The same is true with this rapid expansion of sports wagering in the United States. The unmet demand will drive revenues regardless of the quality of regulation. But the market will settle. After that, the jurisdictions with more thought and customized regulatory structures and better educated and trained regulators will promote healthier industries with fewer ancillary problems such as betting scandals, corruption, and problem gambling. To date, I have mainly been unimpressed with how state governments have approached sports wagering regulation.
How would you assess current gaming legislation in Nevada, mainly regarding land-based casinos, online gaming, sports betting and esports betting? Are there any aspects or areas you think need to be improved or updated? What do you expect from the newly created Esports Technical Advisory Committee in that sense?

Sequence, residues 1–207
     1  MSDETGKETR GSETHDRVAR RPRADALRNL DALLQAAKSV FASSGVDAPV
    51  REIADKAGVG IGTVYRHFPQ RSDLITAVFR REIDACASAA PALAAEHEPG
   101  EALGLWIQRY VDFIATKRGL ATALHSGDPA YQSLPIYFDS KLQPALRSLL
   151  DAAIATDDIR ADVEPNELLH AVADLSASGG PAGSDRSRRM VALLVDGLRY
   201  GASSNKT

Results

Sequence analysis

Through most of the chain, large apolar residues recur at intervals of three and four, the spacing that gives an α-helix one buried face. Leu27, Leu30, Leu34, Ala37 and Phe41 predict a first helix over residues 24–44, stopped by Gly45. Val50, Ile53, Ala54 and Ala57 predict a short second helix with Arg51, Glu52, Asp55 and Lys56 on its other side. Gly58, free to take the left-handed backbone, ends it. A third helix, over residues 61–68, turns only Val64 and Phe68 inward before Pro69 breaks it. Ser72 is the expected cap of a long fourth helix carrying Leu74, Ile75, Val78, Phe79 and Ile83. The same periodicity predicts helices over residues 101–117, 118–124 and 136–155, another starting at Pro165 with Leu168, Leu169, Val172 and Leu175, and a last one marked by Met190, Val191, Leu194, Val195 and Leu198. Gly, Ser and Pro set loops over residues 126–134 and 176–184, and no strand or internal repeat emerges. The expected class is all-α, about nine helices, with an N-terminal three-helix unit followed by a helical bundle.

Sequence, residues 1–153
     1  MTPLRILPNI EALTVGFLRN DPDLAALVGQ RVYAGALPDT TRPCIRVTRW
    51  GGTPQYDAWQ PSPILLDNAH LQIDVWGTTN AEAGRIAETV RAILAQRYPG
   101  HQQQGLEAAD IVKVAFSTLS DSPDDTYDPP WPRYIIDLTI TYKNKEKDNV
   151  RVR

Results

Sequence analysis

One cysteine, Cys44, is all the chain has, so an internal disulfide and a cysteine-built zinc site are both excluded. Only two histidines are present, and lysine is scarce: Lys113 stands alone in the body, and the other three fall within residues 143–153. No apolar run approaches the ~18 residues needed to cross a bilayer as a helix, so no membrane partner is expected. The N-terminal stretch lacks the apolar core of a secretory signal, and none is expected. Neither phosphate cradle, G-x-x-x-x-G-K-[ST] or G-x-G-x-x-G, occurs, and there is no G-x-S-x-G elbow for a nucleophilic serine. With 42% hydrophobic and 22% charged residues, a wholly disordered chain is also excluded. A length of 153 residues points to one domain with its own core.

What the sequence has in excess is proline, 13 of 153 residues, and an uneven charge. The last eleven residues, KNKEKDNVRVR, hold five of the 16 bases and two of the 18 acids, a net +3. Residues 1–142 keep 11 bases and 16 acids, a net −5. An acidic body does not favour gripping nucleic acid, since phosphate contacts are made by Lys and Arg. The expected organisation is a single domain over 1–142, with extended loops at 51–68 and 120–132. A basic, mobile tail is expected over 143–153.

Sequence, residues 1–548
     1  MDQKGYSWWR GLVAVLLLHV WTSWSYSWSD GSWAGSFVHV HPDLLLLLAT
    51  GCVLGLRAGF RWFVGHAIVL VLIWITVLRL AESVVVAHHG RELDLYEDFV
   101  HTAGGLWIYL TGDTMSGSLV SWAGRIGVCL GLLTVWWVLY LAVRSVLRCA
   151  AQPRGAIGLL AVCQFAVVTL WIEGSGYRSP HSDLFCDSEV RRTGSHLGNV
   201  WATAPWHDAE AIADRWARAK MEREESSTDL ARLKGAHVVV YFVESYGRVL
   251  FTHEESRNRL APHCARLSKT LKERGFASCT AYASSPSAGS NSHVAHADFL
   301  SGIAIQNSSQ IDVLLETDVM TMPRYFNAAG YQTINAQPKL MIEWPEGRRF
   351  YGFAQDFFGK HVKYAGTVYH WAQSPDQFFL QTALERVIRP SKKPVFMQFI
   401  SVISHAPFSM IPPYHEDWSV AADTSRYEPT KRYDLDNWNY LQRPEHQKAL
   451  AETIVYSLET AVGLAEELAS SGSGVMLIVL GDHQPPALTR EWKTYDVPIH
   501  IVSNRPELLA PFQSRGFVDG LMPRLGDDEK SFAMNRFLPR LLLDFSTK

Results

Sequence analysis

Nevada does a very good of regulating a unique gaming market, given it is an open competitive market with literally thousands of licensed locations. Its regulatory process has evolved over the years to address issues and developments. One area that needs improvement is problem gambling and responsible gaming. Nevada could ignore the issue for most of its history because it had a small population, and any problem gambling effectively left the state with the affected tourist. This is no longer the case as Las Vegas has become a major US city. The government will need to confront this as a community health issue at some point. Another area that could improve is a rewrite and simplification of the existing laws and regulations. The government simply added new laws to address new developments as they evolved. As a result, the regulations simply expanded with every given year. When gaming law becomes a complex legal scheme created by bureaucrats who apply it and the lawyers who interpret it dominated by bureaucrats and lawyers, the result is a complex system that makes no pretense of being accessible or understandable by the frontline workers.